Tuesday, April 29, 2008

My Worst Quality

For a California boy, New York in the dead of winter was a fun place to be. For the four or five weeks that Guru was out of town, my life was routine and quiet.

I'd get up and meditate in the morning and get to the Smile for work by 8 a.m. I'd work until closing at 4 p.m., and then usually go for a run. For dinner, I'd usually head over to the other disciple-run restaurant, Annam Brahma. As an employee of the Smile, I paid only half-price for any food that I ate there (a courtesy that the Smile also extended to the employees of Annam Brahma).

Without Guru around to set the agenda, the evenings were usually open. Invariably, however, I'd head back to the Smile at some point each night to help the night crew with their chores.

Until Guru returned in mid-January (1985), it was a Spartan existence. Aware that it was temporary, I loved it, and it made Guru's return that much sweeter. With his return, Jamaica came alive. Most week nights there were functions at Progress-Promise that were so sparsely attended that I was both shocked and thrilled. And on the weekends, disciples from Canada and Boston (and other locales) would descend upon Queens en masse.

For someone like me, who wanted to be doing nothing more than meditating and hanging in the presence of the Master, there was always something interesting happening. At one function that winter, for example, Guru apparently needed to raise money. So, he told the disciples assembled at Progress-Promise that night that for $20 he would tell each person either their best personal quality or their worst (their choice).

I paid and was given a blank square of white paper. Guru told those then waiting in line to put their names on the paper. The idea was that as you got to the front of the line, you were supposed to give Guru the paper and tell him which personal quality you wanted to receive: your best or your worst.

There was some nervous chatter in the guy's line (Progress-Promise was divided down the middle, with men sitting on one side and women on the other) about which quality to ask for. To me, though, it was a no-brainer. What good would it do me to know my best quality?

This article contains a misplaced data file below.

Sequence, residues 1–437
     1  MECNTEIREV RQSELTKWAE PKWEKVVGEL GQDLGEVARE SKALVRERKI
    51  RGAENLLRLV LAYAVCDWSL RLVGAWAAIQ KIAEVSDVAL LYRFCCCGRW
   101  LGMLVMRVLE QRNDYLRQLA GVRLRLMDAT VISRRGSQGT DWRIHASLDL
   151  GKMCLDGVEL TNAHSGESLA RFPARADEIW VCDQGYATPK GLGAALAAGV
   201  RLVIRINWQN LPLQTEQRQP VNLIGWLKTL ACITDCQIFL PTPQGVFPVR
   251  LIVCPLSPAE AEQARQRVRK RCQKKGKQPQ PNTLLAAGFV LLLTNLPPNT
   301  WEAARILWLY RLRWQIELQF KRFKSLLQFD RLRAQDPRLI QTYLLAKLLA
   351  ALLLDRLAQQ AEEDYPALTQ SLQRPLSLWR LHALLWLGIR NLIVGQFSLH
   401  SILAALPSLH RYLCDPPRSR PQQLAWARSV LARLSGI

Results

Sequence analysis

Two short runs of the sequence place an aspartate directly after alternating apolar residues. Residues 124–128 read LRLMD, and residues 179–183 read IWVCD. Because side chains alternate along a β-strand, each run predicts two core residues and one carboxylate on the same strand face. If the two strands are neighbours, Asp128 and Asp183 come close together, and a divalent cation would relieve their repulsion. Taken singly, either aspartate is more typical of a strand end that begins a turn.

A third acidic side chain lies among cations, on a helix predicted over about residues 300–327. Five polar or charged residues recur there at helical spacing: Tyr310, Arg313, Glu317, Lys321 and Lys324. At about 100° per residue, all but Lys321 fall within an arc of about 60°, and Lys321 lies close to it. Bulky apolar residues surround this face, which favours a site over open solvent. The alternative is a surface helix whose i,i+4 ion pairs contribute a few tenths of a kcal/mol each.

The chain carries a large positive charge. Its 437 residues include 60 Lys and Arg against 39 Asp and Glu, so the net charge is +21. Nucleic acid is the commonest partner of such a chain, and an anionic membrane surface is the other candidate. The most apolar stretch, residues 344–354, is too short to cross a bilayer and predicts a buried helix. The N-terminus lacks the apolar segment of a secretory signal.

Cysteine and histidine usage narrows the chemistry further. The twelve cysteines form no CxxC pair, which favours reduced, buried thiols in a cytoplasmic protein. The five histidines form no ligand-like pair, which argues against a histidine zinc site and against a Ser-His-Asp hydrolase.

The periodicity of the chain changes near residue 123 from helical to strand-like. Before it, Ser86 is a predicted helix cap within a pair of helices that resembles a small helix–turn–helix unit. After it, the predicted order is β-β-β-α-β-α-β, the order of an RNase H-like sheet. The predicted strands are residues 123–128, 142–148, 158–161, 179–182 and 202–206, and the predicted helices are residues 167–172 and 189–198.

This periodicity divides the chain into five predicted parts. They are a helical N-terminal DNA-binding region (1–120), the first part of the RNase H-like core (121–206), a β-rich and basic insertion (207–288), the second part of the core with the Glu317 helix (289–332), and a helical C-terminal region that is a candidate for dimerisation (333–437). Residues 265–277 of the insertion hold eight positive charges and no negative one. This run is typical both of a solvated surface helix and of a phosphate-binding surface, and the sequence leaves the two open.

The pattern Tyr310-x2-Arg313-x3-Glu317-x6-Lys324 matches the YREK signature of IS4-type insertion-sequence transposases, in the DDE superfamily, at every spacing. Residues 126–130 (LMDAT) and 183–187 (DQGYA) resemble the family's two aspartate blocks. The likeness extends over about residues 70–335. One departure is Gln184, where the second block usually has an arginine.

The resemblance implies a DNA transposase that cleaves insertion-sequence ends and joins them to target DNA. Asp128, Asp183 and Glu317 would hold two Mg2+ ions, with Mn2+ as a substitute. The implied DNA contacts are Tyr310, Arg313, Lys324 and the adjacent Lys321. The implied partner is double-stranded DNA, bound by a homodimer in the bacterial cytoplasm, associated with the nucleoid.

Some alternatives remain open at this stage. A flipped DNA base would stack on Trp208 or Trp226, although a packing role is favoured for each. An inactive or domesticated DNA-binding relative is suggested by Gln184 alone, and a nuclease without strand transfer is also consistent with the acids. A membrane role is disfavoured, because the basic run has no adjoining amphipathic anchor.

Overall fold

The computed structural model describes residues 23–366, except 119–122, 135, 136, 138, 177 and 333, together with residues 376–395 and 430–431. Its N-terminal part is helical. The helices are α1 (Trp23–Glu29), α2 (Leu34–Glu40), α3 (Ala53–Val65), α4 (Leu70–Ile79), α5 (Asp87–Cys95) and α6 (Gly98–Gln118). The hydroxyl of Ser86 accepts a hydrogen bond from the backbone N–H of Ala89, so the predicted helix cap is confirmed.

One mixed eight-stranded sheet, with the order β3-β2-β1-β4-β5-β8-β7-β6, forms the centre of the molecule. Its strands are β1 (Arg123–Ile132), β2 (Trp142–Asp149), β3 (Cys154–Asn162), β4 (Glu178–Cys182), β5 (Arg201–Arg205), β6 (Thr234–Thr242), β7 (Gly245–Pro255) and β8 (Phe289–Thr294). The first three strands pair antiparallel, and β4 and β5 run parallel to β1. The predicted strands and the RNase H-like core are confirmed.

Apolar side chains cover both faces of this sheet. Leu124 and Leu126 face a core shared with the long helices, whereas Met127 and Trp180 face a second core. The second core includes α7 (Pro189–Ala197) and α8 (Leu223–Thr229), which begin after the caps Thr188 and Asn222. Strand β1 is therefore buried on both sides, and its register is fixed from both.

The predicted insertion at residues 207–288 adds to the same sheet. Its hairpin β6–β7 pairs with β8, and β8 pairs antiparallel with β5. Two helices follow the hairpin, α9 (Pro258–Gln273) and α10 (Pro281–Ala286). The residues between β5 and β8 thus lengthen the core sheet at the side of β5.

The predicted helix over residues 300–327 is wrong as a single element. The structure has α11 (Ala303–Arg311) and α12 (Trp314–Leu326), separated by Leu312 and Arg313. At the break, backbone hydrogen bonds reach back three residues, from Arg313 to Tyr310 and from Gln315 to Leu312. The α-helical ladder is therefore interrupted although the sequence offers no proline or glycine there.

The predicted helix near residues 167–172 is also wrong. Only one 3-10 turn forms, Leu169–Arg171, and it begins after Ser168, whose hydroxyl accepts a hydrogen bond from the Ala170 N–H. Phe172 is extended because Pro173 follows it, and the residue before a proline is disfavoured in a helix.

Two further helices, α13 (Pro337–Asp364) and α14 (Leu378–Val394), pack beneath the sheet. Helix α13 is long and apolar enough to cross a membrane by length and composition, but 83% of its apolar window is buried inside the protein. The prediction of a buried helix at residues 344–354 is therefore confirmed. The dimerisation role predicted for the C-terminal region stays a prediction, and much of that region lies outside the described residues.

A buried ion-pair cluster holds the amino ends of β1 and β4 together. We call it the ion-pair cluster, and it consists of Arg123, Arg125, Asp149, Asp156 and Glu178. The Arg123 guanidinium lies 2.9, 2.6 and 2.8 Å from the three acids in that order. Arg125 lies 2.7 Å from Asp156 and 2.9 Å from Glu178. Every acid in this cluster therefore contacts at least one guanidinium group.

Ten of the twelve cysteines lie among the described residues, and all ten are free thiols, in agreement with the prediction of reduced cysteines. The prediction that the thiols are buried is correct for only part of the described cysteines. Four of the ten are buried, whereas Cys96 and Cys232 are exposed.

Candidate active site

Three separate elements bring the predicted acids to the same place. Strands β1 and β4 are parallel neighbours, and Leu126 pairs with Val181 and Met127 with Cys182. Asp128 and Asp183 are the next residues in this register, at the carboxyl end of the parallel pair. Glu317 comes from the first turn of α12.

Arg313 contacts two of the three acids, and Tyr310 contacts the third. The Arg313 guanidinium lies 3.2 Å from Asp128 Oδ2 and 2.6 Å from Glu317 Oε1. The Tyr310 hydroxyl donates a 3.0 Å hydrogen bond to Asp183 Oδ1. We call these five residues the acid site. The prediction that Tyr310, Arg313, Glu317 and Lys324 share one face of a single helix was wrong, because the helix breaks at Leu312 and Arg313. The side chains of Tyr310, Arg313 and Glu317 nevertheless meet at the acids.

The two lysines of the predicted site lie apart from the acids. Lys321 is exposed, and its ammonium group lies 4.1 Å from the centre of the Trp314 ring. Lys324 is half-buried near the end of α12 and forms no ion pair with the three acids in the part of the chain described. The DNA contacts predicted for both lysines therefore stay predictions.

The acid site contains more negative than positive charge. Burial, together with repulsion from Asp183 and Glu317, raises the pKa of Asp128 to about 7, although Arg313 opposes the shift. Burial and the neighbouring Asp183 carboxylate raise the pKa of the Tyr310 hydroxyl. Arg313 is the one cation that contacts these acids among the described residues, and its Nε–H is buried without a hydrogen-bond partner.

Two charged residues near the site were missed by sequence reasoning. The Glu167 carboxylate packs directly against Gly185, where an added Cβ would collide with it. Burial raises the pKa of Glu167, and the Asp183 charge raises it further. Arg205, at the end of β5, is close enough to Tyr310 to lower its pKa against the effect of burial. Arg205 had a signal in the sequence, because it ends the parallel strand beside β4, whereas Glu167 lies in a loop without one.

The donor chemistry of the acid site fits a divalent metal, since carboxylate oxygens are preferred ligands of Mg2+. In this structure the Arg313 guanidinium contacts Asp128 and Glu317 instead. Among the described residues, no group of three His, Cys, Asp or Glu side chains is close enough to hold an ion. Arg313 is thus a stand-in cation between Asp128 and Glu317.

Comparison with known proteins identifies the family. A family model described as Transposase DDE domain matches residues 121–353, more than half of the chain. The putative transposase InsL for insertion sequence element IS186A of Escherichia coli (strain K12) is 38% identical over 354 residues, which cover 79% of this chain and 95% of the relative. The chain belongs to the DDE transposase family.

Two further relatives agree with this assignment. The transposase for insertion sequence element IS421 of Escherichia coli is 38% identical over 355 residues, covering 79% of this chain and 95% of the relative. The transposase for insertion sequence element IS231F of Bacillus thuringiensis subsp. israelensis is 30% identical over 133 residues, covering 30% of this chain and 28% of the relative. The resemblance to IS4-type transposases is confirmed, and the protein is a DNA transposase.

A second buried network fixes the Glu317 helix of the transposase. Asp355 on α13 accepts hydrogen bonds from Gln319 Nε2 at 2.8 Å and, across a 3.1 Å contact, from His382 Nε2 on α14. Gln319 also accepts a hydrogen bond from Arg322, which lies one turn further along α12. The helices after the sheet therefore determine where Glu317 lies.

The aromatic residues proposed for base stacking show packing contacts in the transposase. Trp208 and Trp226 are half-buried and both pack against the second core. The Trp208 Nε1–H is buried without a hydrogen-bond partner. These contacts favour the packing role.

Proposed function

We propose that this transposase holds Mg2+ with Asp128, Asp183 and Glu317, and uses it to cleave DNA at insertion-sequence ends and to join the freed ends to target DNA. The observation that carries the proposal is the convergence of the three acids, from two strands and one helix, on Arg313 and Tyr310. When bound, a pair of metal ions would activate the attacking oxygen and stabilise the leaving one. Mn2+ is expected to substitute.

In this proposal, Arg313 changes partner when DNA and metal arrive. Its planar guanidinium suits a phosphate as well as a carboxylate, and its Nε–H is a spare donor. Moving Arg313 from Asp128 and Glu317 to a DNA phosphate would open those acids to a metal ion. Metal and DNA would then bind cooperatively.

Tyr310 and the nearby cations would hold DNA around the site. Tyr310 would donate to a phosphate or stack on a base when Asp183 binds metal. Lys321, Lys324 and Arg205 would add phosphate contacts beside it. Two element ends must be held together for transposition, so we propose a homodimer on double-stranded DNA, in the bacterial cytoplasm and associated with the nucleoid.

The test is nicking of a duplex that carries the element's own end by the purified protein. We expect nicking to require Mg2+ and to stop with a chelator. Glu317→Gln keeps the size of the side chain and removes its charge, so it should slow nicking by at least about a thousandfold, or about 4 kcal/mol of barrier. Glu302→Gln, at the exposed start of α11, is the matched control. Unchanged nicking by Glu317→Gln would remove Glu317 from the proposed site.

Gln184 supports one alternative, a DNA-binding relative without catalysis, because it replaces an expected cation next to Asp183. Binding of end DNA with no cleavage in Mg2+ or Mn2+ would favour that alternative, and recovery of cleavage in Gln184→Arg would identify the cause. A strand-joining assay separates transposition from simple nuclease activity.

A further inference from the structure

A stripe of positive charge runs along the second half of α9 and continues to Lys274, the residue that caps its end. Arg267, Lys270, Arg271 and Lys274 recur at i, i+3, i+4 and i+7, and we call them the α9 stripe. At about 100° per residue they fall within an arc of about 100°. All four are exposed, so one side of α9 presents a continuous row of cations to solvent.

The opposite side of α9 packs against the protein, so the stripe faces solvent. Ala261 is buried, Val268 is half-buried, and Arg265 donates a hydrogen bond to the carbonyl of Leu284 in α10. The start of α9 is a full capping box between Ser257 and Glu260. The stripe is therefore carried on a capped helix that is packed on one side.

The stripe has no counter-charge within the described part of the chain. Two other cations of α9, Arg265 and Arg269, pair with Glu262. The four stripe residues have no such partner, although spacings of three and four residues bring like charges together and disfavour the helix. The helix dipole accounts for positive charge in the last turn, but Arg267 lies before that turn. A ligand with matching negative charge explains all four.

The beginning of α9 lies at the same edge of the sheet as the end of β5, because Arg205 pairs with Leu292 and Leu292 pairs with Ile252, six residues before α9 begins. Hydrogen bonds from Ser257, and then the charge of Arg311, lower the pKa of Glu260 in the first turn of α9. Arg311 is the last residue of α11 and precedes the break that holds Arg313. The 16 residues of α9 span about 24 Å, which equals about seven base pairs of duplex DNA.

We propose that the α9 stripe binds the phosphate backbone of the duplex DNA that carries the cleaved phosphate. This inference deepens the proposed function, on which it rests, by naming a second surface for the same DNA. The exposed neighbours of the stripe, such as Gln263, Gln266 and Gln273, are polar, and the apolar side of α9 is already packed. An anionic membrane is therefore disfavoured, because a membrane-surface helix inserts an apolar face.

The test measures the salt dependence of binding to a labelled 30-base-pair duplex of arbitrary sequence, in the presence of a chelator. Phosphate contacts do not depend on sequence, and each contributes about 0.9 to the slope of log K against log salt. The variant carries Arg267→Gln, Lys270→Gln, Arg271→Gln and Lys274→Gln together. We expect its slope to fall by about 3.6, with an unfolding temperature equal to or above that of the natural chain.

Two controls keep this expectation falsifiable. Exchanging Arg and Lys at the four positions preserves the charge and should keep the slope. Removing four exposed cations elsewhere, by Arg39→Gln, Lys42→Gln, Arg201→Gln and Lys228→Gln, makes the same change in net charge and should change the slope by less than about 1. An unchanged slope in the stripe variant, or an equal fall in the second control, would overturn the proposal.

My goal was to become consciously one with the Divine. I wanted to know what was preventing me from achieving that goal.

My certainty about what quality to ask for didn't mean that I wasn't nervous. I was. I had always been hyper-critical of myself, even before I became a disciple. Standing in that line, inching closer and closer to Guru as he quickly wrote out people's requested qualities, I couldn't help but think of my own shameful, pre-disciple behavior.

True, I had come a long way from the person I had been at the Sadie Hawkins' Day dance, for example. But I couldn't shake an idea I had picked up in reading the Gospel. Sri Ramakrishna had said something like, "Once you have kept garlic in a clay pot, no matter how well you wash it, it will always stink of garlic." In that sense, I feared that my "impure" boyhood activities would taint me forever. I suspected that this was what Guru would allude to on the slip of paper I was holding on to.

As you can see above -- assuming you can read it -- he didn't. Instead, Guru wrote: "Lack of confidence-light in the aspiration-heart." Upon my first reading, it seemed pretty benign. I was both relieved and puzzled. Relieved not to be called out as being impure or unworthy of the spiritual life. Puzzled at what, exactly, Guru was getting at.

As far as disciples went, I was pretty cocky (though quietly so). I was a jock by nature, highly competitive, and had always cultivated a certain physical daring in myself. So, I didn't get it. For some reason, I blinded myself to what (as a lawyer) I'd call the note's express or explicit meaning.

It didn't say that I lacked confidence in general. It says that I lacked confidence in my own aspiration for God. I lacked confidence in the power of my own spirituality.

It would be 15 years before I would realize what that note meant (and before I would address it directly with Guru). In the meantime, I tucked the note away with puzzled relief and forgot about it.

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